Everything you need to know about companion and service dogs – Part 1

Dogs are mans best friend, it’s like they were meant to be with humans. Dogs are also very helpful to mankind. They can protect your property from intruders, and they make good companions. Dog’s, like humans, need to be raised and trained properly to be “civil” and obeying.

When raised properly, they make good companions. The relationship with a dog and it’s trainer/owner is a special bond. It’s just simple enough to say they are our friends. But it is important for the ones who serve do what they do.

The idea of service dogs began over a thousand years ago. There were blind people who trained the small dogs to lead them around on a long rope. then dogs were trained during the great war to carry messages and do special tasks.

In 1929 Morris Frank and Dorothy Harris Eustis established the first Guide Dog School in the USA in Morristown, New Jersey, calling it “The Seeing Eye”. In 1931, the Guide-Dogs for the Blind Association was started in the United Kingdom. Over the years more and more countries have opened their own training centers.

These specially trained dogs help providing service in many good ways. They can be trained to lead through difficult and sometimes dangerous situations. Service dogs are specially trained for physically or mentally impaired people. This is a list of different kinds of service dogs:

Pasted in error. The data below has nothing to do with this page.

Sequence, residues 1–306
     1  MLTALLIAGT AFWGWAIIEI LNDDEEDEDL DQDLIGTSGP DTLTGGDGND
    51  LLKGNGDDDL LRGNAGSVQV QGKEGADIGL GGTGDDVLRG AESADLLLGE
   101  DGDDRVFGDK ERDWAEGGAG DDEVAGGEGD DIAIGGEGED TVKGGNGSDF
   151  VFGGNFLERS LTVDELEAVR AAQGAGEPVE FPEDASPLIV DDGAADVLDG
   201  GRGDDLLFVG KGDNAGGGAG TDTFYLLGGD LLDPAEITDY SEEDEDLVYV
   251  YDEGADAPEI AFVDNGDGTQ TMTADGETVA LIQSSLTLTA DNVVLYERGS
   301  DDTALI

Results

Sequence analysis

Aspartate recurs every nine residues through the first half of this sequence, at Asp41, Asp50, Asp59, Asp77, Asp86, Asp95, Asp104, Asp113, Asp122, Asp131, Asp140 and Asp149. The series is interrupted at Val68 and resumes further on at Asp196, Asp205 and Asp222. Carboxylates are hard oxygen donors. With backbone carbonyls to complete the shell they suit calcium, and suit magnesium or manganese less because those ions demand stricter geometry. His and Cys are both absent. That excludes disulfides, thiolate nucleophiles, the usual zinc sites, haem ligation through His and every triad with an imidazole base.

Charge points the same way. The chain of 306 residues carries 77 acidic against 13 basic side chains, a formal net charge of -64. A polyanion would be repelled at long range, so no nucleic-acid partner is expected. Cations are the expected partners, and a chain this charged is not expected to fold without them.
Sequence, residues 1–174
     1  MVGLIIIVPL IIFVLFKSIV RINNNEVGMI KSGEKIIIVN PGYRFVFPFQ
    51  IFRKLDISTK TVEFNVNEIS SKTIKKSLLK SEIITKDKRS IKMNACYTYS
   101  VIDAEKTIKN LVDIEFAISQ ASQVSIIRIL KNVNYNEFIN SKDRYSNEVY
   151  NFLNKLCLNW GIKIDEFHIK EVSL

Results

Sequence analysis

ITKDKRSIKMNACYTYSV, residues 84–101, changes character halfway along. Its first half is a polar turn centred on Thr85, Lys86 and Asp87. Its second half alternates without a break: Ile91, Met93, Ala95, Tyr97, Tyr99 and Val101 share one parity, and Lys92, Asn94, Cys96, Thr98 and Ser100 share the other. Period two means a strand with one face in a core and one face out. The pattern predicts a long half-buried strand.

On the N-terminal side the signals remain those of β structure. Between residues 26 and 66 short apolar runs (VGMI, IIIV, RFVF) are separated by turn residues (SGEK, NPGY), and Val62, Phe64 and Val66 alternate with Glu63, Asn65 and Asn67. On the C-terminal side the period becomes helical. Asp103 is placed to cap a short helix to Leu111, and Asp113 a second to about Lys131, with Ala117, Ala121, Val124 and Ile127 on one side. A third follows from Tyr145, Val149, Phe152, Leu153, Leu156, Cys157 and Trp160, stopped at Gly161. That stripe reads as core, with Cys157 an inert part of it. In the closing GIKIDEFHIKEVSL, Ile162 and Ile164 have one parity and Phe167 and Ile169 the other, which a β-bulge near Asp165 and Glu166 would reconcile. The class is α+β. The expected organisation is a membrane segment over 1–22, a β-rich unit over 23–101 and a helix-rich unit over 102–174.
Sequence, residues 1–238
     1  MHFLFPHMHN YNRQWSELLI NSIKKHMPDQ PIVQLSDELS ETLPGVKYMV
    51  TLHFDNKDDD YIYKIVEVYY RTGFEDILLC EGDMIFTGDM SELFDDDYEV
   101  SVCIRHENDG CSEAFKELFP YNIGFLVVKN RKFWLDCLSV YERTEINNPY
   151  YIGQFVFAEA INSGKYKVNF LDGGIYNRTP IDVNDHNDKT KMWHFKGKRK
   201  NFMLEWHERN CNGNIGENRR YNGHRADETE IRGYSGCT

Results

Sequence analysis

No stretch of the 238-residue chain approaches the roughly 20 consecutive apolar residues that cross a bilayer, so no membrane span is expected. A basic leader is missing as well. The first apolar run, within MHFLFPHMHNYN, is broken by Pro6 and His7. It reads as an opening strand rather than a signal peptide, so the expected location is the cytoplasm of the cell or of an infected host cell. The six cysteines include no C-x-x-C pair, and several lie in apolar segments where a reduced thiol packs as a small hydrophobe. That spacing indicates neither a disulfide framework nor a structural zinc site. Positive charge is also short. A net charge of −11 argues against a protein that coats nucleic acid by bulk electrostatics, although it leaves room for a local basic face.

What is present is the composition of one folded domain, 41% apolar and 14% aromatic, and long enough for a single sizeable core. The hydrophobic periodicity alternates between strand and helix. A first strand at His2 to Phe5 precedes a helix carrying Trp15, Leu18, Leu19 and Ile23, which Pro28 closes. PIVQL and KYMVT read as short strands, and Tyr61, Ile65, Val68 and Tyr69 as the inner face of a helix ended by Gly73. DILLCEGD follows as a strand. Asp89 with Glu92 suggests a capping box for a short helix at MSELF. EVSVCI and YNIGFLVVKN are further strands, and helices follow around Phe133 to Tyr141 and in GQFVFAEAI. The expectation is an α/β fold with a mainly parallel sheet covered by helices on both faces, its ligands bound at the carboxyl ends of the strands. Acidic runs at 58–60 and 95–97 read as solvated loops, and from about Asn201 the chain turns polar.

*Guide Dogs: Probably the most familiar type of service dog is the guide dog that is trained to help blind or visually impaired people. These dogs serve as the eyes for their owner, navigating them through traffic, stairs and sidewalks while avoiding all obstacles that could cause injury.

*Hearing Dogs: Similar to guide dogs, “hearing” or “signal” dogs are trained to assist deaf people. They alert their owner to sounds, usually by approaching their owner and then by going back to the source of the sound. They signal such noises as doorbells, phones, smoke alarms etc.

*Mobility Assist Dogs: Pull a person’s wheelchair, carries things in a backpack, picks up things a person drops, opens/closes doors, helps the handler get dressed or undressed.

*Walker Dogs: Helps the handler walk by balancing or acting as a counter balance and does many of the things that mobility assist dogs do.

*Seizure Alert/Response Dogs: These dogs are trained to respond to a person’s seizures and either stay with the person, or go get help. Some dogs are trained to hit a button on a console to automatically dial 911. When the dog hears the voice over the

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